Flashy designs could be seductive and surprising when they just appear, but fashions and styles are always a temporary phase that pass by quickly and have a very momentarily gratifying wow factor. Then there is the timeless beauty that is eternal.


Ideally architecture schools could generate new research and proposals that could help improve the urban development challenges in the country. These new visions developed here together with the faculty and experts could be presented to the local authorities and perhaps facilitate the much needed discussion on urbanisation bringing various concerned people together and enrich the students understanding of the current context of rapid urbanisation and rapid resource depletion, which is surely quite overwhelming.

The fired mud houses were the result of Anupama’s fascination with Californian ceramist Ray Meeker and his relentless engagement with a radical experimentation such as this. She believes that given the growing concerns of affordability issues around housing for all, any technology that has any chance of contributing to the cause is worth pursuing. She says, “I do not imagine a scenario of fired mud houses sprouting across the country, no. In any case, all technologies are appropriate to certain contexts and apart from other challenges in this technology, the minimum condition to consider it would be the onsite (or very nearby) earth would be clayey and conducive for brick making.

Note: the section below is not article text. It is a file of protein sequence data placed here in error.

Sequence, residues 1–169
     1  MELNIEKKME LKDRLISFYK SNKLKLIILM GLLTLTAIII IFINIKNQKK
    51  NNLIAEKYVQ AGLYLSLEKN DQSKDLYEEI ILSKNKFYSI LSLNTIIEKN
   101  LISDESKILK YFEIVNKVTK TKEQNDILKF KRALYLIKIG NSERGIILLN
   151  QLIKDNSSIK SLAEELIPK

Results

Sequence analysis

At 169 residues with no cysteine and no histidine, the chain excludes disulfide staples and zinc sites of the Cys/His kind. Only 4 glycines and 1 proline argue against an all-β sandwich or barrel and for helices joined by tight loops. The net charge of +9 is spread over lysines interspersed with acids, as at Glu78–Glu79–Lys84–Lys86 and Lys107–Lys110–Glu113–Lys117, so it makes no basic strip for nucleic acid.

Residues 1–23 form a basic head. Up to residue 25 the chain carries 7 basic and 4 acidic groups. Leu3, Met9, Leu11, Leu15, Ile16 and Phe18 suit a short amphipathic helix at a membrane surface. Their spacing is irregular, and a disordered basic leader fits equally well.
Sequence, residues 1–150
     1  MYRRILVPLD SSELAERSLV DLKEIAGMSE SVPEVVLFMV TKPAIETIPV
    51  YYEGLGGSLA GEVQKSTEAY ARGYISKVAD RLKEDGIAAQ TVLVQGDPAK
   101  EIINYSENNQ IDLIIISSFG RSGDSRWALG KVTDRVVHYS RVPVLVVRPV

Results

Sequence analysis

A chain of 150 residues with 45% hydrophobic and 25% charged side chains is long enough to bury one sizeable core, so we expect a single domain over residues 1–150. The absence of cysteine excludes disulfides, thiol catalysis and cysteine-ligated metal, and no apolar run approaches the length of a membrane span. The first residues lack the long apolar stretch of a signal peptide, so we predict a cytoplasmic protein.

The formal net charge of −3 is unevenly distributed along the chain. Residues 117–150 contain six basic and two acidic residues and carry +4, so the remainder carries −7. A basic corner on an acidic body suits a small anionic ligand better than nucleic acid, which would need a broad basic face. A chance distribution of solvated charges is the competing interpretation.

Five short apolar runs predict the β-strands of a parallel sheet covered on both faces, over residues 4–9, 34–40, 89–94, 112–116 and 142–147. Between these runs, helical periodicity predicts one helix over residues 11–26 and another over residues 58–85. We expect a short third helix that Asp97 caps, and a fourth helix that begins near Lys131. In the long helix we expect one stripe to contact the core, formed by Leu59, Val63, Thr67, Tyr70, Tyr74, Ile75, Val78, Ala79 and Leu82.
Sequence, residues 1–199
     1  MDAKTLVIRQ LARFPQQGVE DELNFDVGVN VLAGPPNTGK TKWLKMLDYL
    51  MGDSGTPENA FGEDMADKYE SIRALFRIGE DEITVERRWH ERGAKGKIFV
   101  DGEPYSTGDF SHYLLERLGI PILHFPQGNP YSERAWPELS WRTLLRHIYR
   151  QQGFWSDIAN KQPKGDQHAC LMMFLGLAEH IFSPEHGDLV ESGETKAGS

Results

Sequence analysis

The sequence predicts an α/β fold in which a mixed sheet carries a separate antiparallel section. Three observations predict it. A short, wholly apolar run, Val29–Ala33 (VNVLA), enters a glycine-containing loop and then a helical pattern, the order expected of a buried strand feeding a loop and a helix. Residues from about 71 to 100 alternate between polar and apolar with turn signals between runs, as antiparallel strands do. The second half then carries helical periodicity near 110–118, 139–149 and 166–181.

I continue to work with various affordable technologies for different contexts depending on the climatic, urban, geographic and other local conditions. I am now developing a prefab ferrocement housing system called Full Fill homes that can be assembled on site in less than a week.